Maybe we can go on the other tack here

[QUOTE=c.captain;60851]Hey KP be a shipmate and make it offical by hittin the thanks button…I’m working at pumpin up my numbers here ;-)[/QUOTE]Already done

[QUOTE=c.captain;60851]1. be phyically fit (or at least reasonable healthy). I don’t want to have to pull your ass to a lifeboat station if you have a coronary as soon as the bells start ringin.

  1. have courage (or at least not be a panicer). I want you to be able to not freeze in an emergency or worse start screaming[/QUOTE]

Two more good ones. I don’t care if you want to panic, just save it for later when we are all safely ashore again. I’ve seen a Capt on another boat with my old Company who was so large and out of shape that he could barely get up and down the steps to the upper wheelhouse and he couldn’t fit in the wheelhouse chair. He had to sit in the settee instead. No one could figure out how he passed his USCG physical. Best guess was that he, or his wife, was paying off his doctor. To make a short story long, everyone agreed that he was going down with the ship since no one could possibly move him if he was unconscious.

[QUOTE=KPEngineer;60858]Two more good ones. I don’t care if you want to panic, just save it for later when we are all safely ashore again. I’ve seen a Capt on another boat with my old Company who was so large and out of shape that he could barely get up and down the steps to the upper wheelhouse and he couldn’t fit in the wheelhouse chair. He had to sit in the settee instead. No one could figure out how he passed his USCG physical. Best guess was that he, or his wife, was paying off his doctor. To make a short story long, everyone agreed that he was going down with the ship since no one could possibly move him if he was unconscious.[/QUOTE]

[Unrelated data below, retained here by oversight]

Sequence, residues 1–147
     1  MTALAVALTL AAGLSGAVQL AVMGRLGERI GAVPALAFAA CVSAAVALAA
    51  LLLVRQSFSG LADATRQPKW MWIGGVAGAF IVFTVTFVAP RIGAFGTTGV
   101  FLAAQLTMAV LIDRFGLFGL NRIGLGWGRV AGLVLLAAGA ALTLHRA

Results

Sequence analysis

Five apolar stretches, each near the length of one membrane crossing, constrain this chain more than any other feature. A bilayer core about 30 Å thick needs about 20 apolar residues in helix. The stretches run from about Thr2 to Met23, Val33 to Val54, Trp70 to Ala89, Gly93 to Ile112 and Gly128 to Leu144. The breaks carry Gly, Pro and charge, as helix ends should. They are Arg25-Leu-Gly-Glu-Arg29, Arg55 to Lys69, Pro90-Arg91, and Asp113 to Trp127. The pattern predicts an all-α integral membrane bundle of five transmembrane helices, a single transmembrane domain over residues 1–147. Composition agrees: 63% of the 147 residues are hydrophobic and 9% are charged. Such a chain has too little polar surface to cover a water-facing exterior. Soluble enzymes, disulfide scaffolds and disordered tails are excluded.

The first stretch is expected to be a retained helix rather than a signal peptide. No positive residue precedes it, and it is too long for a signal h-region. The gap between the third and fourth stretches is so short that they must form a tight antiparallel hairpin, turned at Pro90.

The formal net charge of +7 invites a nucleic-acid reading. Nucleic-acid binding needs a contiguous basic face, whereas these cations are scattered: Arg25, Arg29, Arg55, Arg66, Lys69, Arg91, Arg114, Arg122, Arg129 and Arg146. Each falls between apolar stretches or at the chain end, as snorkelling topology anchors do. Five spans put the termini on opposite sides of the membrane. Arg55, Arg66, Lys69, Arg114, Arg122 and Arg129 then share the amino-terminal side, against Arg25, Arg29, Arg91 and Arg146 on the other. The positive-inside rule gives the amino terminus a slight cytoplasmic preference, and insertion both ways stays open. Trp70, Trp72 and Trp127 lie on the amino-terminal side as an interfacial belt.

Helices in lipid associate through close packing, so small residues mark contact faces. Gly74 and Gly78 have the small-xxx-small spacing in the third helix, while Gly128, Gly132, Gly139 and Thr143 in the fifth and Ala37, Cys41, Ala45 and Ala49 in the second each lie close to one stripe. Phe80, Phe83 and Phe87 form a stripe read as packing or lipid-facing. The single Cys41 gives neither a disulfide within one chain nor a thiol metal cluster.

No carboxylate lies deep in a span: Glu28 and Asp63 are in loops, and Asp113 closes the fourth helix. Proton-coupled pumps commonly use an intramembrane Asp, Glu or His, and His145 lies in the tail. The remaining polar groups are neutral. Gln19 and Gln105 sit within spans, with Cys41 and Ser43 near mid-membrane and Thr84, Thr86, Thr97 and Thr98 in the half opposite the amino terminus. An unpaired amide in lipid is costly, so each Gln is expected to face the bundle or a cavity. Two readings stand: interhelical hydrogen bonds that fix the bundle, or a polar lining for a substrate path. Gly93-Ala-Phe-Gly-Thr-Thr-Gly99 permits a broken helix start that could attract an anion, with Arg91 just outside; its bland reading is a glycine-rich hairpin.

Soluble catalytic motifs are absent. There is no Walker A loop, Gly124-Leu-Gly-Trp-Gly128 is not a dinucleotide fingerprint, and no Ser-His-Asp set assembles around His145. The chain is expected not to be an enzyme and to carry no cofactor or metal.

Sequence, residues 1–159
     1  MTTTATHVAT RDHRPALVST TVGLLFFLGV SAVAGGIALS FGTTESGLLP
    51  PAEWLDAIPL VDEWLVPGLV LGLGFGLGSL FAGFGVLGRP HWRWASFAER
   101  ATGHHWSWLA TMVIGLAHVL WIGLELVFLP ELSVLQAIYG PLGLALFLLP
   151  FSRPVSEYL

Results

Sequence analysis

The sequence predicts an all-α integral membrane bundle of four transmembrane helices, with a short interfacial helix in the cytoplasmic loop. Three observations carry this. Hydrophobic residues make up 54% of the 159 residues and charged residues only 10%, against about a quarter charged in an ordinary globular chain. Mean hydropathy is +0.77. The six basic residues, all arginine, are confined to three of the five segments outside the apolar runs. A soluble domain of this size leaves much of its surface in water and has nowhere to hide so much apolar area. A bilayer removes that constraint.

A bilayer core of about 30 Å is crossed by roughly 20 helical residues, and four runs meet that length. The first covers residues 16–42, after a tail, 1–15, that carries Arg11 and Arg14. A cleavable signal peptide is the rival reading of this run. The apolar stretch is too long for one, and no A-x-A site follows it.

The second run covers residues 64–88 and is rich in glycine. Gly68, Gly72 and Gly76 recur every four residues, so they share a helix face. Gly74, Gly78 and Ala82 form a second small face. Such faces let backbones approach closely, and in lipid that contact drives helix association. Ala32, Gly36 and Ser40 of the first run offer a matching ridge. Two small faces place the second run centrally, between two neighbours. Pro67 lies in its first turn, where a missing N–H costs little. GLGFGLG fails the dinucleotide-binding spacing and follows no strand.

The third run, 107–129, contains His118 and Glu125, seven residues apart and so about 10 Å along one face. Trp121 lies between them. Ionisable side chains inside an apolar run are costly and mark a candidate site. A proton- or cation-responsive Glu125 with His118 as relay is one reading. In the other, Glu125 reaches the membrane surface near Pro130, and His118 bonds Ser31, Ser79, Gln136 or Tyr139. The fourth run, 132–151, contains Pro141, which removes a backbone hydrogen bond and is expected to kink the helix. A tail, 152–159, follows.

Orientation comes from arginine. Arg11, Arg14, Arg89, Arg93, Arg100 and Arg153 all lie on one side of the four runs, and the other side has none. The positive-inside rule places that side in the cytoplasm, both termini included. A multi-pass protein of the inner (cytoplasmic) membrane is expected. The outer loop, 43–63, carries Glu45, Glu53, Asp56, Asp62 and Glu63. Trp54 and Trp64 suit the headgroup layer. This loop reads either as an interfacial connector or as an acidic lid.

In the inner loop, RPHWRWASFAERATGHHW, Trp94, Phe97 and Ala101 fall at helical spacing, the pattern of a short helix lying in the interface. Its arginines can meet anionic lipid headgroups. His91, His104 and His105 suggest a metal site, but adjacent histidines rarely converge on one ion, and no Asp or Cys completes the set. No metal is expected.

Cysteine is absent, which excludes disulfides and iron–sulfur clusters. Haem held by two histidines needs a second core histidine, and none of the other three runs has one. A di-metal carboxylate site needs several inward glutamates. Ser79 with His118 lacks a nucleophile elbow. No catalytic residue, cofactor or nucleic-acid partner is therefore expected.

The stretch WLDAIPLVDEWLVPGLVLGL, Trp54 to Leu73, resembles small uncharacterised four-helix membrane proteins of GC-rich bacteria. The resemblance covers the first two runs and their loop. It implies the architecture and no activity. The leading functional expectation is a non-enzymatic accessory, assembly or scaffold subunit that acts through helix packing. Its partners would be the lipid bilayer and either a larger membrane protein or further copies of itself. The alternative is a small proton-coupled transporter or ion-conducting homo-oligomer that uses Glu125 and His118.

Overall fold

Interesting!
I was First on a LASH vessel (when the First was a day worker), got a call from the the Second at 0430, seems his Oiler didn’t show-up for watch (we were at sea). The Second sent the the 00-04 Oiler up to see what was going-on and reported back that the door was locked and no response to knocks on the door. I had keys in my office so I got the right key, knocked on the door, no response, opened the door and found the Oiler we called “Tiny” on the floor, naked and dead. I called the Captain, Chief, and Chief Mate. We four could barely move poor Tiny, he was about 6 and a half feet tall, he had to weight in at over 400 pounds. How in the world was this seaman allowed to sail? A work party was gathered and with great effort we were able to move Tiny to a reefer, Bos’n fabricated a canvas covering. Messages were sent.
Sad, but it happens.